The Initial Progress of the A.R.S. Rock Garden
By John G. Bacher
Fig. 14. The initial work on the A.R.S. rock section at the Trial Garden at Crystal Lake
Springs Island, Portland, Oregon.
The north-end of the Island on which the A.R.S. Test Garden is located is quite a steep bank from 10 to 15 feet high and over 200 feet long. At one point the land drops directly into the lake but for most of its length there is a shelf about 2 feet above the lake and between 20 to 40 feet wide. A side path will be cut down the bank to this lower level to afford a better view of the rock garden when finished. (Fig. 13)
President Sersanous called a meeting of the Test Garden Committee near the middle of July and it was at that time that the subject of a Rock Garden was discussed and considered essential for the growing of the high mountain species of which there are so many members to be found in the rhododendron group. The President and all the members of the Trial Garden Committee were present with the exception of the writer who had a previous engagement in Juneau, Alaska (more about that later). However, the committee was unanimous in its decision to develop the west 100 feet of the North-end as a Rock Garden leaving the East-end for future expansion. So upon returning from the Alaska jaunt the task of creating a rhododendron Rock Garden was studied with zeal. At the first Fall meeting of the Society the subject was discussed and acclaimed by all to be a highly desirable feature for our Trial Garden.
The area designated for this project was heavily wooded and thick with underbrush, willows and evergreen blackberry. A few trees were removed, the rest de-branched to let in more light. Three week-ends were spent in this preliminary clearing process before any actual work could be done on the rockery.
Being responsible for the creation of this rockery it seemed to me very desirable that this be a garden of the best rocks obtainable in the region regardless of the distance one must go for them. Oregon is blessed by the presence of many extinct volcanoes and therefore it is the lava beds that furnish the most exotic type of rock formations. These lava beds of many acres truly offer an unlimited assortment of forms, colors and types, and as the surface is extremely rugged, the rocks hard and cutting like carborundum it is also no easy matter to carry each rock by hand to the truck. As the project was a volunteer affair no funds of the Society were allotted, and truck service as well as manual labor are donated for the good of the cause. Our first jaunt for rocks took us to the lava beds on the Santiam Pass Highway some 140 miles away from Portland. Mr. Cecil Smith and his truck, Mr. Wm. Murphy and myself brought back almost seven tons of this rock.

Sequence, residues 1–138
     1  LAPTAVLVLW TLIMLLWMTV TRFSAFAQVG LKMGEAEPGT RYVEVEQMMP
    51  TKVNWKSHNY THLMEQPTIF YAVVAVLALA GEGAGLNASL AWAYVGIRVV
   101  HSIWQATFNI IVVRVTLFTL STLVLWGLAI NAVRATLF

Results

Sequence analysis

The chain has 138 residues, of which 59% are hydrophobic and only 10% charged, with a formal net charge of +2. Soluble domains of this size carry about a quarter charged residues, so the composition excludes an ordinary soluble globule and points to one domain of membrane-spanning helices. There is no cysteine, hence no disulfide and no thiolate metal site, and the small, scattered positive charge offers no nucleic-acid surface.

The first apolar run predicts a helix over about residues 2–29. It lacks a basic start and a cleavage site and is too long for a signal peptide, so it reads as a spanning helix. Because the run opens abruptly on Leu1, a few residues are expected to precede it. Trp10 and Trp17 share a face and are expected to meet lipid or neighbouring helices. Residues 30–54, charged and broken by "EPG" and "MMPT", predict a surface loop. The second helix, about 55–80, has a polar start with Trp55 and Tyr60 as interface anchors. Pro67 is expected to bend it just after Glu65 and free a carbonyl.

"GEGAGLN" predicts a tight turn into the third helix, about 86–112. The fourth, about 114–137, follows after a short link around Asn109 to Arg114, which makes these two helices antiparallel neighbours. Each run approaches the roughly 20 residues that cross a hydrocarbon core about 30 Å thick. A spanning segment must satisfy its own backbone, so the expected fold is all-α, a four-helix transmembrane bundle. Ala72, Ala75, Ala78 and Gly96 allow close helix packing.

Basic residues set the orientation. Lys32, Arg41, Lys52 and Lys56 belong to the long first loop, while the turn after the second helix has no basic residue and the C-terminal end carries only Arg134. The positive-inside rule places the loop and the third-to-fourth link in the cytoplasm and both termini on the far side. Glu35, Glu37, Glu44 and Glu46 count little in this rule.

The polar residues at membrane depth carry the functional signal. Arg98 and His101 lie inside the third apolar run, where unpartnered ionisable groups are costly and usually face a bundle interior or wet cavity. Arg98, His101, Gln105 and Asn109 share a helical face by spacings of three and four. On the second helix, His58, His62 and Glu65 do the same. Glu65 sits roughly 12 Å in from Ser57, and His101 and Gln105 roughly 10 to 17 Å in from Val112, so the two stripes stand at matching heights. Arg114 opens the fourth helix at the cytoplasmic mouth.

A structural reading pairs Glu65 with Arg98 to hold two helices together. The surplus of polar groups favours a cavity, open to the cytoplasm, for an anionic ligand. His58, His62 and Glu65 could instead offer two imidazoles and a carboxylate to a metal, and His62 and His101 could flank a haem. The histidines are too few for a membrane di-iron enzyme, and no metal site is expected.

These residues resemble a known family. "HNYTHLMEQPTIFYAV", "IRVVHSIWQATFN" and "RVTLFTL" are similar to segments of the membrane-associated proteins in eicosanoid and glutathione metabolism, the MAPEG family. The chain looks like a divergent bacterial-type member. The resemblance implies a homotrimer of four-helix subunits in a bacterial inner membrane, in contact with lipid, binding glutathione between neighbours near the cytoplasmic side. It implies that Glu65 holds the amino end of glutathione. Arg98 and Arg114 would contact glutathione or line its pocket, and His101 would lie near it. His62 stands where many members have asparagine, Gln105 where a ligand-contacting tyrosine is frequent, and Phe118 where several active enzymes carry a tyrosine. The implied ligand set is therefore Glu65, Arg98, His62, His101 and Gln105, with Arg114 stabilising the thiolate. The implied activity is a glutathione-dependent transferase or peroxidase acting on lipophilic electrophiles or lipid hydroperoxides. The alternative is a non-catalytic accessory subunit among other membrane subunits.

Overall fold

The following week-end Mrs. M. E. Klahn donated two loads of large, heavy Oregon City type rocks, also a porous type. These were all 100 to 500 pounders, which were a real chore to handle. With the assistance of S. W. Williams, C. T. Hansen and Guy Johnson we spent a hard day loading and delivering these rocks across town to our Garden. Another sojourn for rocks took us to Green Mountain, near Battle Ground, Wash. With friend Cecil Smith and his truck, Guy Johnson, C. T. Hansen, W. E. Whitney of Camas and Ben Lancaster we succeeded in getting an excellent type of different rock for our project.
On the next week-end a real start was made on the rockery, but it must be mentioned that our President saw fit to provide us with two loads of gravel for drainage, 4 loads of silt sand and 10 bales of peat moss. This provision of basic materials for successful construction is a great help for speedy work. The laying of rocks proceeded rapidly if not easily and after one small area was finished a start at planting was made immediately for when work of this sort is initiated there is an urge by all concerned to know how it will look when planted. Some of the rhododendron species collected by Mr. Sersanous were used in this initial planting.
The next two Saturdays were spent on the promontory of the rockery using the large Oregon City Rocks and with the assistance of the usual crew, C. T. Hansen, Guy Johnson, Wm. Murphy, Bob Bovee, Howard Slonecker, M. Reddaway, W. E. Whitney and our President, C. I. Sersanous and myself we made fine progress but ran short of our goal in completing this section as we ran out of rock. What we have accomplished to date is a small portion of the contemplated rockery. This is a large project and when finished its planting will depend largely upon the generous nature of our members.
In referring again to my trip to Alaska, on the 20th of July the writer was climbing Mt. Richard near Juneau getting first hand acquaintance with the smallest rhododendron native to that region. It is also, possibly the lowest growing of all rhododendrons known to date as its creeping habit over the rocks in these mountains above timberline is a bare inch in height. It is studded with tiny pink to white flowers barely a quarter of an inch across and it is a close companion with Silene acaulis. There is considerable resemblance of color between these two plants however; the little rhododendron is much looser in foliage structure than the Silene. Three days later while leisurely climbing on Mt. Juneau, across the valley from Mt. Richards, the writer saw even a greater number of these beautiful creeping rhododendrons or Alaska azaleas.
The botanical name for this little rhododendron is Loiseleuria procumbens or creeping Azalea procumbens. Botanists do not consider it a rhododendron at all even though it is in the Ericaceae plant family, the same as rhododendrons.